Restaurant review by Amy Cavanaugh
On a recent visit to Green Street Smoked Meats, the guy behind the counter taking meat orders was wearing a Franklin Barbecue t-shirt. Franklin, the lunch-only spot in Austin, Texas, is one of the most lauded barbecue places in the country, and it seemed like a knowing wink to our country's current barbecue obsession that he was sporting a t-shirt from there.
Chicago loves barbecue—in the past year alone, openings have included Green Street, Q BBQ, Smalls Smoke Shack & More, Blackwood BBQ, County Barbeque, Ravenswood Q, and I'm sure I missed some—but we don't have a place that inspires the fanaticism of Franklin. When I went on a barbecue tour of Texas last spring, Franklin was the clear highlight, despite having to wait in line for four hours before tucking into tender, falling-apart brisket, snappy sausages and a bottle of Big Red soda. And I'd do it again. But I haven't yet found a place in Chicago I'd wait that long for. Smoque comes closest, but four hours is a hell of a long time to wait for anything.
But Green Street was a promising contender—after all, restauratuer Brendan Sodikoff has proven he can pretty much do anything. We showed up at Green Street at 8:30pm on a recent Saturday, but that was far too late. When we arrived at the West Loop restaurant, we walked down an alley permeated with the smell of smoke and entered the packed restaurant. With lights strung along the ceiling and large, boisterous groups, Green Street feels like a winter version of Big Star's patio.
The line to order stretched across the restaurant, and we joined it, but when we reached the meat counter 20 minutes later, the brisket, pulled pork and ribs were gone. On my second visit, the guy slicing brisket said that they usually have meat until 10pm during the week, but that all bets are off on Saturday night.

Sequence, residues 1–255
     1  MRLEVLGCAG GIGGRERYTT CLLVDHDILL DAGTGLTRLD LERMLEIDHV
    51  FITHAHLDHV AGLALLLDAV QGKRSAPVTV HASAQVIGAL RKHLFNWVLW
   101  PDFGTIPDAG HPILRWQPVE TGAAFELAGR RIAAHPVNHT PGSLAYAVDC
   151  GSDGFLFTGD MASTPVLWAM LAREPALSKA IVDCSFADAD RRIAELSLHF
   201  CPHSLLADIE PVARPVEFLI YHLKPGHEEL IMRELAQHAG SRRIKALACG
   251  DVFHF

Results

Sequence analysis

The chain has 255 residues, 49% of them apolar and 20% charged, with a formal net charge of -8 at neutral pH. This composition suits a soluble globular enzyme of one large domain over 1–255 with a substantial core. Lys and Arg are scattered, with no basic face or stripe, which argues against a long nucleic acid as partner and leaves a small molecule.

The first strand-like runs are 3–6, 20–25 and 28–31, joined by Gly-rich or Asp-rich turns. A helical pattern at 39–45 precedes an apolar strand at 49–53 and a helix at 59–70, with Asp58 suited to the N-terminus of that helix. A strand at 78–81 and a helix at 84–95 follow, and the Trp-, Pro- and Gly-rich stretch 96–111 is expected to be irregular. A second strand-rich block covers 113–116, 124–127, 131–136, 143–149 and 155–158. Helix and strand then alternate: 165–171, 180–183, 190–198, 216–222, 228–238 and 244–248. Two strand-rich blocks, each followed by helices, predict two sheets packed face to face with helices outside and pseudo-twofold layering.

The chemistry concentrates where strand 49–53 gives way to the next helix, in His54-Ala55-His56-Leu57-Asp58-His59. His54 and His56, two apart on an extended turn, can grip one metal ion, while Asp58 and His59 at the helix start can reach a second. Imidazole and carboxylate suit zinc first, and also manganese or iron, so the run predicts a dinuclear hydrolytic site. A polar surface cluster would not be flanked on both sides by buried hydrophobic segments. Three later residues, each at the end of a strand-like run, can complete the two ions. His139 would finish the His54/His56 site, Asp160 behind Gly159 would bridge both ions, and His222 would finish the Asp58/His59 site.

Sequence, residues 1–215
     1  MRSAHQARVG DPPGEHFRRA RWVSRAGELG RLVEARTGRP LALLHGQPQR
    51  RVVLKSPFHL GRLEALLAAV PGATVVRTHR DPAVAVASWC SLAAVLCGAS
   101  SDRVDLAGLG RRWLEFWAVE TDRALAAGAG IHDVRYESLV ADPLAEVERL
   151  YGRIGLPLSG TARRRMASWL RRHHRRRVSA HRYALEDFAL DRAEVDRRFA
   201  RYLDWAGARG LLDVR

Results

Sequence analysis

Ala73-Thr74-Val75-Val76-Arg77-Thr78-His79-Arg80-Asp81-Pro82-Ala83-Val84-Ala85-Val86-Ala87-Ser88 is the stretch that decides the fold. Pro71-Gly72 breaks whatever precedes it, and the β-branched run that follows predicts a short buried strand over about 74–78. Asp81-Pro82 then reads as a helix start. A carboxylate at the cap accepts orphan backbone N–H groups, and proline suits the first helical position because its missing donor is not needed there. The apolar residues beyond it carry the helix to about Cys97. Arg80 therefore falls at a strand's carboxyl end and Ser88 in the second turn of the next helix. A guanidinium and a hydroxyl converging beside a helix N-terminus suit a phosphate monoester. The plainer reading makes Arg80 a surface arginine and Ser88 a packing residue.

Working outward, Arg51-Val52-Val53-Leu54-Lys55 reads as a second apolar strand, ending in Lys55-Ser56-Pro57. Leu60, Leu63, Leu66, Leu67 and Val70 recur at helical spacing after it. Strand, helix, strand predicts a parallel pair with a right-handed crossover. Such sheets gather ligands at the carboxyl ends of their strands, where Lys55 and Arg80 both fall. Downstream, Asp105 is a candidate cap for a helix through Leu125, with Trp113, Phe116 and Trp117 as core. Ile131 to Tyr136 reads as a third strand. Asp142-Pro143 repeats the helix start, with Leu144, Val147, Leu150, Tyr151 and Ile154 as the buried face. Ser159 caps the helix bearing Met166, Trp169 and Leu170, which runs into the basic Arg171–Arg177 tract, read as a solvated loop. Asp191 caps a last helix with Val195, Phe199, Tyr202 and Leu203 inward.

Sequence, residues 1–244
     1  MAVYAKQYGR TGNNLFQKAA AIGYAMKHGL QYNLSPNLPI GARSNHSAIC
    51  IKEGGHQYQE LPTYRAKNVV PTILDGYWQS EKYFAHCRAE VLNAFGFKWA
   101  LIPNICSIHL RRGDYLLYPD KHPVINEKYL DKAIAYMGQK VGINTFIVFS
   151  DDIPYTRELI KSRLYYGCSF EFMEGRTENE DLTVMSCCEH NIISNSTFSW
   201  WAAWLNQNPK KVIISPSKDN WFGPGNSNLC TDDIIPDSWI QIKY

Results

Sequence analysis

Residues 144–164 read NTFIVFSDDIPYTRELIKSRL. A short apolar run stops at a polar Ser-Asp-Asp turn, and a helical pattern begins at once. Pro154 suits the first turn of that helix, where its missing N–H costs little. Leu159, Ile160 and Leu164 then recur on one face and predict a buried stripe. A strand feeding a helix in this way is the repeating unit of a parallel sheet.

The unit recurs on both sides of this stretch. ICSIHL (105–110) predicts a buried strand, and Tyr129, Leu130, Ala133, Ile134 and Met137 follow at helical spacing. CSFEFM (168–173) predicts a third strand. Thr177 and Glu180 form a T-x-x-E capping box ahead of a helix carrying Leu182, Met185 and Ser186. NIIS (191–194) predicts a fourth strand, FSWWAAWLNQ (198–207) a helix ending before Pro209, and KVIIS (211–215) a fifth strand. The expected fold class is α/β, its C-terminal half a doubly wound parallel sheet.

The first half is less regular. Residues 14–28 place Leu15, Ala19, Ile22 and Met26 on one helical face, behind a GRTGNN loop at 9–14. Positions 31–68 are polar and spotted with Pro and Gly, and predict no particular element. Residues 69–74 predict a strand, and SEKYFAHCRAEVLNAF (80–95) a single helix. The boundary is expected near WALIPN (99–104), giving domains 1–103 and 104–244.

So on that first visit, we got whatever was left. That included fat, juicy slices of pork belly; large oysters that were heated in their shells until they popped, served with a lackluster tartar sauce; satisfying smoky chicken legs; a vinegar cole slaw freshened up with cilantro; and the worst tamales I've ever had. They were individually wrapped in foil and placed in a can—they were pure mush, so skip those entirely.
The pork belly was the winner the first night, and on my second visit, the lightly sweet pulled pork was our favorite, so you'll do fine if you stick with pig. The brisket comes with two slices of lean meat and two slices of fatty meat, but both were too dry and lacked the flavor that Q BBQ had. The sausage is thick and slightly spicy, but there's no snap to the casing, so it's texturally one-note. The sauces, including a coffee one, were fine, but we kind of forgot they were there. For dessert, there's one option—coffee or vanilla soft serve, topped with a chocolate shell.
If you're going with a group on the weekend, good luck. "I don't think I've ever had a bigger gulf between my enjoyment of eating something and my comfort level," one of my friends said, as six of us packed into the end of a communal table. But when I went on Wednesday night, my friend and I took up the same amount of space and were comfortable enough to linger for awhile over our food.
Green Street has a bar with cocktails and beer, but the first night we just grabbed a few Lone Stars out of the vintage sinks, where they were sitting in ice. But on my next visit, the bar was pretty much empty, so while I waited for my friend, I sipped a Black Gold, made with Carpano Antica and Fernet Vallet, a Mexican Fernet that's mellower than Fernet Branca.
You'll eat decently here, especially if you love pig. Just don't expect to see anyone in Austin wearing a t-shirt for Green Street.